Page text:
Famous" clothing house, 60c. Shifting
pants from 75c. up.
Buy Keyttant flour. Be careful that the
name Lkssio & Co., Ashland, Pa., is
printed on every sack. 8-3-3taw
Advertise in the Herald.
Shouts of Pralso and Storms of
Applause Follow tho Wonder
ful Peats at the Trotting
Park Yesterday.
Likeiide Is now open.
That it is destined to be the summer ro-
sortof the region is an insured fact.
It wat formally opened yesterday by a
fine oxhibltlon by Pawnoe Bill and his
Wild West Show. It was an auspicious
opening, and not ono of the twolve hun
dred people who passed through tho gates
was dissati'fied.
Tho grand stand was well filled and peo
ple stood throo rows deep along ths rail of
tho race course. The day was exceedingly
warm, but the auditors who did not secure
shady places withstood the blazing rays of
the sun and romained in the park until
Pawnee Bill announced that his exhibition
was closed.
The oxhibition was a very pleasing and
interesting one. It opened with the mem
bers of tho combination, headed by Pawnee
Bill and Miss May Lillie, parading down
the track, all on horseback, and forming in
line boforo tho grand stand to be intro
duced. Among them wero Musttnc
Walter, Don Zj Anno, Deadwood Dick,
Broncho Bob, Senoro Francisco, Aklahoma
Frank, Texas Tom and a band of Sioux
Indians, sworthy savage looking and
arrayed in brilliant costumos. Pawnee
Bill and Hiss May .Lillie gave an exhibl
Hon of difficult rifle practice which was
astonishing. Tho Indians gave a ghoet
dance and then thu cowboys drove the
herd of buddies and steers from
pasturo in one corner of tho park and gave
a realistic exhibition of lassoing, bringing
the stoers and butUlos to "a round up" in
thrilling and realistic style. Mustang
Walter thr6w his lasso over tho horns of a
stoor and brought it to such a sudden halt
as to almost throw it upon its back. The
steer was soon bound and a vaquero was
upon its back a few minutes later, holding
on for dear life, as tho steer jumped and
"bucked" in its unsuccessful efforts to
throw him off. An Indian race for a hand
kerchief was exciting. The pony express
carrying important dispatches was inter
esting. The rider started from the grand
stand at lightning speed and made four
rapid changes of ponies while making a
circuit of the track. The Deadwood stage
ooach robbery was the next on the pro
gramme. The coach left the grand stand
drawn by six mules. At the top of the
home stretch it was attacked by a band of
Indians. Shots were exchanged at a rapid
rate and as the battle was being waged fast
and furious a band of cowboys from a dis
tance hastoned to the rescue and drove the
Indians from the coach amid tho flashes of
rifles and revolvers.
Mustang Walter and Don 7.6 Anno then
gave an exhibition of picking handker
chiefs from the track from the back of a
running borse, after which they pinked up
fifty and ten-cont pieces in a like manner.
The race between a cowboy, Indian and
Mexican was thrilling.
But the featuro of the exhibition was
Miss May Lillio's shooting clay pigeons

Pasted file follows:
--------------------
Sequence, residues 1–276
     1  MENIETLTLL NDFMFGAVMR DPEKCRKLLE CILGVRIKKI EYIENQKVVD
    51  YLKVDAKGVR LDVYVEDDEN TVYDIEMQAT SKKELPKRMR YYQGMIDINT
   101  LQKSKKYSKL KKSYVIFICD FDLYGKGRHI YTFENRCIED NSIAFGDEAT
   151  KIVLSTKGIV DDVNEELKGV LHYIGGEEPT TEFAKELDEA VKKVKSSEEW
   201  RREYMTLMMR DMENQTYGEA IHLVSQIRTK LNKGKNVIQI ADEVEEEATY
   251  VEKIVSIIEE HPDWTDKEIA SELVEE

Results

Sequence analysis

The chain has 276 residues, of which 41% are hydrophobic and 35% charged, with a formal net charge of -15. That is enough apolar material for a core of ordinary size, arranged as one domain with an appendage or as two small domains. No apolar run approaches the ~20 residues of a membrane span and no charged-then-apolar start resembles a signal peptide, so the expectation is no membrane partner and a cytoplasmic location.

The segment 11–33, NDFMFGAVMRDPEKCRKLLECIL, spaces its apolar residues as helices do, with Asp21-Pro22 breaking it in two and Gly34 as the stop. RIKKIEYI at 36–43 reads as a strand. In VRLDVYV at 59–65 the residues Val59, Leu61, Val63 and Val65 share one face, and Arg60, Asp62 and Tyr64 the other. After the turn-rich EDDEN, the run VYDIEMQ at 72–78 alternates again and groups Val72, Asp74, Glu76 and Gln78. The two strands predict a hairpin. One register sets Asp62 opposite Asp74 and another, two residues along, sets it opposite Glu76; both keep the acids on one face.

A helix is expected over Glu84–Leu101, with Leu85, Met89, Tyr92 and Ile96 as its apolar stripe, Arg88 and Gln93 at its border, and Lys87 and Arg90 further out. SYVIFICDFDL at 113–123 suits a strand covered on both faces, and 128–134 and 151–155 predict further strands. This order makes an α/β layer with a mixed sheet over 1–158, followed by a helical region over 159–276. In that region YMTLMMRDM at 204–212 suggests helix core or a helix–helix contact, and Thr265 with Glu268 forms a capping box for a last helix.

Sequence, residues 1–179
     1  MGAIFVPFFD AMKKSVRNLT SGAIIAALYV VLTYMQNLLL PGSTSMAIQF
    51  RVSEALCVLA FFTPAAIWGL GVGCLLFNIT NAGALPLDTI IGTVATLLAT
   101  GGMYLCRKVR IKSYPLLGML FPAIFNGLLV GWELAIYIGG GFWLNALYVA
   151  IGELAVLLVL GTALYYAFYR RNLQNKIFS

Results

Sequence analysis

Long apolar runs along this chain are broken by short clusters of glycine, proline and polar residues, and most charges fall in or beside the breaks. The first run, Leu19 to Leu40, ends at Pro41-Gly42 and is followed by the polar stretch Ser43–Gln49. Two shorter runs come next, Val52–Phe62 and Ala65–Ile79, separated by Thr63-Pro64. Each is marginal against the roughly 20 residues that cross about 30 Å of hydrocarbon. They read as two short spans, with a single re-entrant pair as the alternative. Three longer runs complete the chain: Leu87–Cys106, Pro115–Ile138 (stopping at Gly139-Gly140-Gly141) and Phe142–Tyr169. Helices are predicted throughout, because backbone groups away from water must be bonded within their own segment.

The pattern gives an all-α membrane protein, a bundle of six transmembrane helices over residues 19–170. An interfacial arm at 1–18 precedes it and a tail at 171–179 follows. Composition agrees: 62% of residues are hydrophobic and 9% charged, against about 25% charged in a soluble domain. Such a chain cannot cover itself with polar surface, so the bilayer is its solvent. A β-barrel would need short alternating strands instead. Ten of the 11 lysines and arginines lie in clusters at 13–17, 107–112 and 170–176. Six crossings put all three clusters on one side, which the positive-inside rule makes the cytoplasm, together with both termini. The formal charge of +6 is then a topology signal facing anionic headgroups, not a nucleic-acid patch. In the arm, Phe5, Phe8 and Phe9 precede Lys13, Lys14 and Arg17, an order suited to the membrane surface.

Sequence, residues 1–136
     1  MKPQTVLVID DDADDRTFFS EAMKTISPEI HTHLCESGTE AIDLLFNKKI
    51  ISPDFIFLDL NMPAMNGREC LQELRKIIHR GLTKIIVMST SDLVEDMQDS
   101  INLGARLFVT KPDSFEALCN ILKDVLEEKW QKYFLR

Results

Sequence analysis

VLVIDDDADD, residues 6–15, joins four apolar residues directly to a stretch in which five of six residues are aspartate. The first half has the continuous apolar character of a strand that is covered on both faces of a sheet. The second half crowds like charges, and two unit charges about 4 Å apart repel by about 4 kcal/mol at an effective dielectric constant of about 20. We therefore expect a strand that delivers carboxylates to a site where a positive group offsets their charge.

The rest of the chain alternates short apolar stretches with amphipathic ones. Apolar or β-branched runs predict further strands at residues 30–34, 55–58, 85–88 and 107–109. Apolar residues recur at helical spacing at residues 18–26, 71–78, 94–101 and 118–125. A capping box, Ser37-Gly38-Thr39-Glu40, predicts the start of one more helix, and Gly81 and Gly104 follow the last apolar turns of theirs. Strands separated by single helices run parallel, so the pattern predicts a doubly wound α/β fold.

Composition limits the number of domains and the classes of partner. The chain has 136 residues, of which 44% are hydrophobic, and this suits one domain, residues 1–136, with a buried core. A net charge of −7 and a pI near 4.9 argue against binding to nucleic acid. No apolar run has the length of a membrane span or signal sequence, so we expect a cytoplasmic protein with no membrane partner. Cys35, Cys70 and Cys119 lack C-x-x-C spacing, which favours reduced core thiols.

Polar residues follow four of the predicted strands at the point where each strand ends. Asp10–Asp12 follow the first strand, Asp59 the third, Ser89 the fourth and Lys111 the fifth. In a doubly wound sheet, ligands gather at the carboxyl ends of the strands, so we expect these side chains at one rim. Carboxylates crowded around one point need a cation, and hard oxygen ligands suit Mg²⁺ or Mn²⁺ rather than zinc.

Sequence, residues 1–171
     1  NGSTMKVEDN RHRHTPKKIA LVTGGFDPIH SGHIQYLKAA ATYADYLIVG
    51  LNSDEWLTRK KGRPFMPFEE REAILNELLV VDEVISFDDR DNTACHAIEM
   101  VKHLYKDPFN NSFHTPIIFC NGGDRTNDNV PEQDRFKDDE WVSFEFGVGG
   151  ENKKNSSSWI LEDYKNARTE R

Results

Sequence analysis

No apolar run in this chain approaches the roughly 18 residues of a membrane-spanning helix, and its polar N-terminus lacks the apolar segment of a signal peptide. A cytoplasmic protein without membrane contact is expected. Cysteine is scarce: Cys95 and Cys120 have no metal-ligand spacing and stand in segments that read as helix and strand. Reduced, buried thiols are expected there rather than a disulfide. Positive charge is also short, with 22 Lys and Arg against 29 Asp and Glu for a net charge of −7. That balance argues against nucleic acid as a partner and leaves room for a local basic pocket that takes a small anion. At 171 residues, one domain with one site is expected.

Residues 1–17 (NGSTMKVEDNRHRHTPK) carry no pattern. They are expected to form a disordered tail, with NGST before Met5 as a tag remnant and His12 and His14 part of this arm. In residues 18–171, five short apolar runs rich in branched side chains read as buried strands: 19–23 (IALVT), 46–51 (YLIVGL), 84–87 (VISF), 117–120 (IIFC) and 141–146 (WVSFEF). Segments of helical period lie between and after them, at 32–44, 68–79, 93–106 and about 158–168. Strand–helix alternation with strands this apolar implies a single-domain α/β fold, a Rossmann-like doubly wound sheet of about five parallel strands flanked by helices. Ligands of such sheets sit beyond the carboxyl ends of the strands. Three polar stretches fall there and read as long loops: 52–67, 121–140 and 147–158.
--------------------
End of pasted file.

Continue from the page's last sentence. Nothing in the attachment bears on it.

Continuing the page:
thrown in the air while on the back of a
fast running borse.
An exhibition of dismounting and re
mounting while the horses were running at
full speed was admirably given by Mustang
Walter and Don Zo Anuo.
The buffalo bunt by the Indians wa a
realistic exhibition and the fancy and trick
lassoing by Mustang Walter and Don Ze
Anno was heartily applauded, It is worth
the price of admission to tee those two men
handle their lassos.
Tbe horse thief act, showing the mode of
Judge Lynch in the Par We.t, wo excit
ing in the extreme. The sheriff and his
two deputies were sent eastward along the
track to hunt the horse thief. The next
moment there was a great commotion at
tho eastern ond of tho track. The horse
thief was seen approaching urging his
horse to all possible spoed to get away from
tho pursuing cowboys. When near the
grand stand tho thief dismounted and ran
past tho stand on foot his horse, having
given out. The cowboys continued the
pursuit and ono ol them finally succeeded
In lassoing tho thief, who was pulled down
to the ground. The cowboy fastened the
end of the laso to his saddlo and galloped
off towards a tree In the centre of the
park, dragging tho thief after him along
the ground. Tho thief crlod for mercy,
but for reply ho was strung up to a limb of
the treo. Then the sheriff and his deputies
appeared upon the scene, drove off the
lynchers after an exchange of several shots
and returned to tho grand stand with the
supposed dol body of the thief.
The reproduction of the atrocious Moun
tain Meadow ma'sacre was equally sensa
tional ond realistic.
After the riding of wild bucking
bronchos and nnothor oxhibition of sharp
shooting tho exhibition closed with a real
istic scne of an attack on Trapper Tom's
As n wholo the exhibition was a highly
gratifying one. The show Is historical and
one which no man, woman or cnild should
fail to see.
Herewith is an illustration of Miss Mary
Lillie, of Pawneo Bill's "Wild West Show,
In her feat of rapidly breaking glass balls
in rapid succession while speeding past on
the back of a fiery broncho. Miss Lillie
is the champion girl'shot of tho world at
horseback shooting and Pawneo Bill has a
standing challenge for a 81,000 contest to
back the title
Miss May Lillie was born on tho Dela
ware, at Philadelphia, Pa., not a stono's
throw from the romnntic spot whero Will
iam Penn signed his famous treaty with
the Indians.
The first evidence of hor wonderful skill
with the rifle was evidenced at Hnrnmon-
ton, N. J., where hor brother is engaged in